Posted by Travis Gaerke on


Whether you are a networking novice, or an experienced administrator, a wireless bridge and a wireless repeater are two different technologies that can be easily mistaken for each other. Although both are used to extend network coverage, they perform vastly different roles. This post will discuss the unique features of a wireless bridge and a wireless repeater. Then, we'll cover how both can add reliability, value, and functionality to your industrial network.

Let's start with the concept of "wireless bridging". In its simplest form, a wireless bridging refers to the process of extending wired network coverage over two or more interconnected wireless access points. The wireless link between the two access points forms a communication bridge allowing data transmissions between devices on either side of the bridge.

The wireless access points configuration uses a private wireless network only accessible by the access points involved in the bridge. One of the major advantages of wireless bridging is the expansion of communications in areas that are too expensive to add communication cabling or in hazardous areas that would typically be off-limits. This type of growth has paid dividends through enhancing operational visibility and laying the groundwork for Industry 4.0 applications.

• In Client mode, the remote Access Points (APs) act as a router by providing isolation to the interconnected wired cable attached to the port interface. Network Address Translation (NAT) is used to create "forwarding rules" that allow communication between the isolated network and the rest local area network.
• In Client Bridge mode, the two access points are configured as an AP/Station pair, forming a wireless bridge. Data travels over the wireless bridge, treating the junction like a wire connection.
• Wireless Distribution System (WDS) offers the same function as a "Client Bridge"; however, with WDS, you manually configure both APs with the SSID and its peer mac-address information. Manually configured APS through WDS offers an extra layer of security and reliability.

A final note: bridging is distinct from routing. Routing doesn't combine separate networks into a single network. Instead, routing provides a means for multiple networks to communicate yet stay independent of each other.


Next, let's discuss what a repeater does.

A wireless repeater regenerates a wireless signal. In a typical configuration, a wireless repeater is connected to a primary AP in a daisy chain fashion and configured to broadcast the wireless network it's connected to. In doing so, a repeater expands the wireless network's coverage area. Wireless repeaters are popular because they are a simple, cost-effective way to increase network coverage.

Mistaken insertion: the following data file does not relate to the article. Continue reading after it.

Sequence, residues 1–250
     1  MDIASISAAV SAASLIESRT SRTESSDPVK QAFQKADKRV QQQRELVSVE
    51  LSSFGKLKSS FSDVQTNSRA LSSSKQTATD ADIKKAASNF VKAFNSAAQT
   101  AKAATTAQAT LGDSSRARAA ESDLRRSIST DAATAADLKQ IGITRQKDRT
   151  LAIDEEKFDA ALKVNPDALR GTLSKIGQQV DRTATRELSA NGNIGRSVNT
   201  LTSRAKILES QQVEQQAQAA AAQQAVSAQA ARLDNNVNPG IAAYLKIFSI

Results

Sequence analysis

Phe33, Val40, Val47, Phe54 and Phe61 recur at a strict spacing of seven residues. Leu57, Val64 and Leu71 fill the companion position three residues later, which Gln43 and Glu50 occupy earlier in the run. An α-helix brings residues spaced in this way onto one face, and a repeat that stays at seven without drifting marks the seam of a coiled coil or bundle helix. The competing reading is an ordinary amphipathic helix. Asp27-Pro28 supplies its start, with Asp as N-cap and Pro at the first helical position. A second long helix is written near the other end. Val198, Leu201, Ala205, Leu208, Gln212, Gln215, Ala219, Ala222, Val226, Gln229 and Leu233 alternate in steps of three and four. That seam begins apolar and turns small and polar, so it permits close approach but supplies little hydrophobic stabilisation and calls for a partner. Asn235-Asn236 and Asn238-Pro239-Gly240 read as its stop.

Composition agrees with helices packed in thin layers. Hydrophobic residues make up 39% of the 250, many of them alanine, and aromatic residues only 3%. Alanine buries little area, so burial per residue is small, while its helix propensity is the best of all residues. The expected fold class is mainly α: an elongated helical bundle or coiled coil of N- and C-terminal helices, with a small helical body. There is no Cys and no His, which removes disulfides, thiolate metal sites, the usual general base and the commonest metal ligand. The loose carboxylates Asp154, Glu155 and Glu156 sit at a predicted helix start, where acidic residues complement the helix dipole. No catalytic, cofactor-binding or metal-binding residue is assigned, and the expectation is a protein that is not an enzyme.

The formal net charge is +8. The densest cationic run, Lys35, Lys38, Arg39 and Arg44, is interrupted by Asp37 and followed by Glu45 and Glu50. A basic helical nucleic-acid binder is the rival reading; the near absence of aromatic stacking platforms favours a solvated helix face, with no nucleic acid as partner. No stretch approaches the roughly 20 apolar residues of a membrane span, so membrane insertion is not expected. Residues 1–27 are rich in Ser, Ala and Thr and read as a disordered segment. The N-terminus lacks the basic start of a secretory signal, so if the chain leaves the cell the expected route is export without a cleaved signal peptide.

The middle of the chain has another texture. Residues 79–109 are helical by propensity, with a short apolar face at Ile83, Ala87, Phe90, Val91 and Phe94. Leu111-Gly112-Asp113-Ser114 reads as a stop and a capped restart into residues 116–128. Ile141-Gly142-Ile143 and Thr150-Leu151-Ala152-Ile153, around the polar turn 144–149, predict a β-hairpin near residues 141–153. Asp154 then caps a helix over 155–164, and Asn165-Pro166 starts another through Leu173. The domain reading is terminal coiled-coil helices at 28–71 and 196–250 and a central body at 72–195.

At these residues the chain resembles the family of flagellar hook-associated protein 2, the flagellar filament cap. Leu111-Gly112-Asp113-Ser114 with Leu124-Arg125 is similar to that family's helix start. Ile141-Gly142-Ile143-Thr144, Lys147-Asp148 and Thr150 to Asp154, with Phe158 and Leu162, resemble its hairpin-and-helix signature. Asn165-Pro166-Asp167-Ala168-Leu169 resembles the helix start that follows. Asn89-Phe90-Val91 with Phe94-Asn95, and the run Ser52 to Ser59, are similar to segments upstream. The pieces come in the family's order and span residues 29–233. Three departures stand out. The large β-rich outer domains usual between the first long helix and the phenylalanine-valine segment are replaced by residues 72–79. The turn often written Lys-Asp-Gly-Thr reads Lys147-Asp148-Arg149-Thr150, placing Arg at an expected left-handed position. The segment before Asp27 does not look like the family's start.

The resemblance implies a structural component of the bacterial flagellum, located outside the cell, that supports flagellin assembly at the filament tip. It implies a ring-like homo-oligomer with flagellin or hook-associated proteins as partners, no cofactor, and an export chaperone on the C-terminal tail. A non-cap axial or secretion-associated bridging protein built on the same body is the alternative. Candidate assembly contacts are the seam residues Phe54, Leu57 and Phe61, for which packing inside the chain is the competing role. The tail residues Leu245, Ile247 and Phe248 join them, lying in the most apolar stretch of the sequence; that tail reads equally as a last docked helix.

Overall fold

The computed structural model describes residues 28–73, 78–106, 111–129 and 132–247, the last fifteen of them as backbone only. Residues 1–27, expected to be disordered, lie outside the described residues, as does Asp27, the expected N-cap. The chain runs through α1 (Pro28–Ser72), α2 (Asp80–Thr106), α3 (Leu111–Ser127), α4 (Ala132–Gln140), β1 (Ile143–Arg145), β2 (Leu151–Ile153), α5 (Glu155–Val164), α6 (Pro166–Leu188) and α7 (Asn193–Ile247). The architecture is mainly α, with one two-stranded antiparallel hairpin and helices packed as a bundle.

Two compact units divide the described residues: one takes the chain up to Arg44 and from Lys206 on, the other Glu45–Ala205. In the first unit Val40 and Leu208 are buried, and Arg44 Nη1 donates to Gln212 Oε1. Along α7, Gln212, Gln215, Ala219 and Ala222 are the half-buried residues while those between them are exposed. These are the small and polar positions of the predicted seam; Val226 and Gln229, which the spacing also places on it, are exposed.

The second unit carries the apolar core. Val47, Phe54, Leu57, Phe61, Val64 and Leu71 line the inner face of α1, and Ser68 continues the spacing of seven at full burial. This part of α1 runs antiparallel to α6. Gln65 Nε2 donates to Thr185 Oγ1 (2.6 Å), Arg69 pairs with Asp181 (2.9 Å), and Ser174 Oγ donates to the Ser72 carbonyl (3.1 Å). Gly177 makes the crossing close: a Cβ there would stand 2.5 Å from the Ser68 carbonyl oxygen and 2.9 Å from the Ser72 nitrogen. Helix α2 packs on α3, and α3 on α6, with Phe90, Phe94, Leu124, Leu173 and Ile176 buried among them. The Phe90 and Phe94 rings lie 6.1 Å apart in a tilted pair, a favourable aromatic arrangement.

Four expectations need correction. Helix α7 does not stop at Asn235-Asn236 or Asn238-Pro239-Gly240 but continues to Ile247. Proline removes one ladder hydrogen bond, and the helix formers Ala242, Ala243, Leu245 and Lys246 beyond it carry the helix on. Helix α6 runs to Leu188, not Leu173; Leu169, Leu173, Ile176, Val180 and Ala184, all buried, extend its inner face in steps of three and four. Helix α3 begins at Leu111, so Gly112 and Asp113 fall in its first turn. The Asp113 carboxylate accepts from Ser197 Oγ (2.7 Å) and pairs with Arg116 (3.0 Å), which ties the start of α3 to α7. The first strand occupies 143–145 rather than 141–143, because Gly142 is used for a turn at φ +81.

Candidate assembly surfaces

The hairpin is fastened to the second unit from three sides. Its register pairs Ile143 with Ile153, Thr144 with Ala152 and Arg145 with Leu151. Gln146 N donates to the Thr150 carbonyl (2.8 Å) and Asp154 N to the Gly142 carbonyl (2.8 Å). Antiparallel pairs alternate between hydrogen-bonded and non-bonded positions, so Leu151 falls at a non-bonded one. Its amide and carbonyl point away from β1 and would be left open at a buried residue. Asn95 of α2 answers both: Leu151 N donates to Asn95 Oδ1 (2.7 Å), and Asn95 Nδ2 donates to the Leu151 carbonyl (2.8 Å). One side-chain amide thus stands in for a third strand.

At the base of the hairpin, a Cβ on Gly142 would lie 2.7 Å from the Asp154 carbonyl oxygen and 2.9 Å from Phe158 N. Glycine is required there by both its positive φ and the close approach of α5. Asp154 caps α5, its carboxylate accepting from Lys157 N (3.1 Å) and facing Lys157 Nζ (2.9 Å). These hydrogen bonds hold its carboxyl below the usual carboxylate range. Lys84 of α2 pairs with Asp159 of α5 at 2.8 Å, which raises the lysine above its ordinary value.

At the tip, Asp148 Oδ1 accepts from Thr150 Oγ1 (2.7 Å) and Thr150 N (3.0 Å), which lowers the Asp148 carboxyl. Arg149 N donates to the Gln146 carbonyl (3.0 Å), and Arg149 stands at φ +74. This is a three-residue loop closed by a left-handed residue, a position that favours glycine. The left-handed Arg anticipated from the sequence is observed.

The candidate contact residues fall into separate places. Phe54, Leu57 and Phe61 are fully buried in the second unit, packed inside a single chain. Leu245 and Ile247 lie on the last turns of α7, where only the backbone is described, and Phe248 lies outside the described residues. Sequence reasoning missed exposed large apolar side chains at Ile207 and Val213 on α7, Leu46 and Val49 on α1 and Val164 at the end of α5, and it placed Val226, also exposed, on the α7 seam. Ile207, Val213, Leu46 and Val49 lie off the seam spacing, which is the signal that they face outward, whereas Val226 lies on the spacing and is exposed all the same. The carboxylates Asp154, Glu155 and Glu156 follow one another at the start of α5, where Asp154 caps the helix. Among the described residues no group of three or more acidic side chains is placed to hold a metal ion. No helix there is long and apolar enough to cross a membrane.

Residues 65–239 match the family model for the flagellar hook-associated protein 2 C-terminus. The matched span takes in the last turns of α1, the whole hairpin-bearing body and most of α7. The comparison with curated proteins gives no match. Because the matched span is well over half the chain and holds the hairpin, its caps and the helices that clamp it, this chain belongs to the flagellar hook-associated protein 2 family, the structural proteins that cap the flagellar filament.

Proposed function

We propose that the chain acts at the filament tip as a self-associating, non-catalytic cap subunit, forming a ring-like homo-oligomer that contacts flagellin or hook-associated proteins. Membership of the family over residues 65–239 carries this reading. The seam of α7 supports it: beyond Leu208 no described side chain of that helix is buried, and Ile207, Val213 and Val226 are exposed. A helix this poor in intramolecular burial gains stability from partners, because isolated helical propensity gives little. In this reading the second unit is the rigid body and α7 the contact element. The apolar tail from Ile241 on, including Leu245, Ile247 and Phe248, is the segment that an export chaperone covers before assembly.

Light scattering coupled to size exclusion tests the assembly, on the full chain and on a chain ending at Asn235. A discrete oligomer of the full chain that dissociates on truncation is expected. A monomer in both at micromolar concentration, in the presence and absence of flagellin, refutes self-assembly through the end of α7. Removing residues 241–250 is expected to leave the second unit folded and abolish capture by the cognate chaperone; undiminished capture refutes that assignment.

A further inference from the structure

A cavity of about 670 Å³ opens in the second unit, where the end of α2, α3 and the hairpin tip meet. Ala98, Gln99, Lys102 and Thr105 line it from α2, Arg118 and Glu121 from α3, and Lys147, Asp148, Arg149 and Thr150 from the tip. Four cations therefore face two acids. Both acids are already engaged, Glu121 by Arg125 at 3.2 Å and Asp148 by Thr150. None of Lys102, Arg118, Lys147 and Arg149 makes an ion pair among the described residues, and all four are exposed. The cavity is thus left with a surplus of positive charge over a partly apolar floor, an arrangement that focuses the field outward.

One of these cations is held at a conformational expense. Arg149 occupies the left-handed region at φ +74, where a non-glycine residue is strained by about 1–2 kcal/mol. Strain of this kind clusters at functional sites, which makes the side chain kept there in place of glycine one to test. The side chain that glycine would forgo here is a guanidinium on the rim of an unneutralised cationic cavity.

Think of a wireless repeater as two routers. The first picks up the Wi-Fi signal you want to extend, copies it bit-by-bit, and transfers it to the second that sends it on to the receiver. Multiple repeaters can be linked together to transmit data much further distances. Because repeaters continuously monitor signals generated between LANs, they can greatly enhance network reliability and flexibility.

However, caution must be taken when deciding to add wireless repeaters into you network, here's why; the nature of the wireless signal is half duplex. Meaning a wireless signal can only transmit data in one direction at a time (send or receive), unlike a traditional full duplex wired network that can transmit and receive data simultaneously. Due to this behavior, wireless repeaters can impact network performance; the further along the daisy chain connection the wireless repeater is from the primary network, the slower the network connection becomes.


Up to this point, we have discussed bridges and repeaters as separate and unique devices. However, Antaira and other industrial network device makers often will integrate bridges, repeaters and wireless access points into a single hardened unit. This is done for convenience as well as for device protection. Antaira WAP/bridge/repeaters are engineered for deployment in harsh industrial environments, including utilities, petrochemical processing, outdoor surveillance, transportation and factory automation. Housed in IP67 rated metal enclosures, they are tested to be resistant to electromagnetic disturbances, periods of voltage instability, extreme temperature fluctuations, as well as intense shocks and vibrations. Antaira WAP/bridge/repeaters are dual band 2.4Ghz and 5Ghz concurrent to meet most wireless network requirements with support for Ethernet Gigabit for transmission up to 867 Mbps. PoE Powered Device models are also available for streamlined installation.

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